The Power Steering System & Steering Gear
There are several components in your vehicle’s power steering system that make it easier to turn and steer the vehicle accurately. Cars of old had huge steering wheels and required a lot of muscle to manage the manual steering system. Thanks to technology, modern vehicles are much easier to turn and steer.
The major power steering system components between the steering wheel and steering gear include the steering wheel itself, steering column, steering coupler, steering gear, power steering hoses, and power steering pump. Typically, the power steering system has been hydraulic, but electric power steering systems are becoming increasingly more common. Electric power steering systems consist of additional components including various sensors, wires, actuators, motors, and an electronic control unit.
There are three basic types of power steering systems found in vehicles: the hydraulic power steering (HPS), the electric power hydraulic steering (EPHS), and the fully electric power steering (EPS). Electric and electronic power steering both refer to the same system.
Hydraulic power steering (HPS) uses hydraulic pressure supplied by an engine-driven pump, known as the power steering pump, to assist the motion of turning the steering wheel. The power steering pump is turned by the accessory drive or serpentine belt and provides pressurized power steering fluid to the high side power steering hose which delivers it to the input side of the power steering control valve at the steering gear. Power steering fluid is drawn from the power steering fluid reservoir which is maintained at the appropriate level by a low side power steering hose that returns the fluid from the gear at a much lower pressure.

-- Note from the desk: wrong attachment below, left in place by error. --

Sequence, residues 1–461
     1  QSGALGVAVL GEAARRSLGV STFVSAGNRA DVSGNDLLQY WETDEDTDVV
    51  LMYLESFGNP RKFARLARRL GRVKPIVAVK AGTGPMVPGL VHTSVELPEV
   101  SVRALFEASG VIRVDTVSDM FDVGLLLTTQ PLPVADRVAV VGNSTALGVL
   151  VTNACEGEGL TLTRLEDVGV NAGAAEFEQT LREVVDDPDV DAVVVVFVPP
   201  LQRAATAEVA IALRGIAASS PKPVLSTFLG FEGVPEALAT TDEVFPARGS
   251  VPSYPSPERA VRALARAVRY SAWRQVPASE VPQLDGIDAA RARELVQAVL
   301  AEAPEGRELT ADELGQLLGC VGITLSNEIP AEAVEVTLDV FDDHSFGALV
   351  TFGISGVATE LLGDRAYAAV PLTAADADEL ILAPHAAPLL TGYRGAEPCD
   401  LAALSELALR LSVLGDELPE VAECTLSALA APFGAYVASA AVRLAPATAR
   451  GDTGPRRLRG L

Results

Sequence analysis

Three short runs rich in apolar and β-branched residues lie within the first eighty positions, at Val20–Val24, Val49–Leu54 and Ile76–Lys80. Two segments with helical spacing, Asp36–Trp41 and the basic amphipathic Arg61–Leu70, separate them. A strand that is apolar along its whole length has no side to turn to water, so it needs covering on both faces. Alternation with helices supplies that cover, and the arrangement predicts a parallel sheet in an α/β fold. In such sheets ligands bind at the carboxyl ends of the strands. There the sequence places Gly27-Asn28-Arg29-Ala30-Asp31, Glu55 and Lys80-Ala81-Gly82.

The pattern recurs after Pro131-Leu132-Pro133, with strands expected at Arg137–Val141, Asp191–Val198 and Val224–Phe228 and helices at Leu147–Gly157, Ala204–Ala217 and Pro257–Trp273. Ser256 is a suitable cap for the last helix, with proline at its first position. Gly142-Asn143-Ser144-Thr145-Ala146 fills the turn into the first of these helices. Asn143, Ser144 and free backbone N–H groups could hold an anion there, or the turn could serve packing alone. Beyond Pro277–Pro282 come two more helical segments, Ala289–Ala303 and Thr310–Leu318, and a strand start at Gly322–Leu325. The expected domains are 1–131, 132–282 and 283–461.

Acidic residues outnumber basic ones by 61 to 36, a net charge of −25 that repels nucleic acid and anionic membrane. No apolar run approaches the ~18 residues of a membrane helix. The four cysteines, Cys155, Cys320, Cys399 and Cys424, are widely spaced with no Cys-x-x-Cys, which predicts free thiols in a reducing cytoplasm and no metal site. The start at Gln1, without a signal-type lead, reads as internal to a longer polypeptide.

HPS provides many disadvantages. Since the power-steering pump equipped on most vehicles runs constantly and pumps fluid all the time, it wastes horsepower. This wasted power translates into wasted fuel and higher emissions. In addition, this system is susceptible to leaks and noises, and commonly results in failure due to a broken belt.
Electric power hydraulic steering (EPHS) is a hybrid of hydraulic and electric. In this system, a hydraulic pump gets its energy from an electric motor instead of a belt driven by the engine. In EPHS the customary drive belts and pulleys that drive a power steering pump are replaced by a brushless motor. The power steering is driven by this electric motor, which reduces the amount of power that needs to be taken from the engine.
In the electric power steering (EPS) system, an electric motor replaces the hydraulic pump and a fully electric power steering system is established. The electric motor is either attached to the steering rack or to the steering column. The electronic control unit controls the steering dynamics. EPS is often a preferred system since it results in better fuel economy and lower emissions.
EPS provides many additional advantages. The amount of assistance provided by EPS is easily tunable to the vehicle type, road speed, and even driver preference. Another benefit is the elimination of environmental hazards posed by leakage and disposal of hydraulic power steering fluid. In addition, electrical assistance is not lost when the engine fails or stalls, whereas hydraulic assistance stops working if the engine stops.
"Steer-by-wire" or "drive-by-wire" steering systems are also being designed and implemented. These systems eliminate the mechanical connection between the steering wheel and the steering system, replacing it with a purely electronic control system. This system frees up a lot of space in the dashboard that can be used for other things.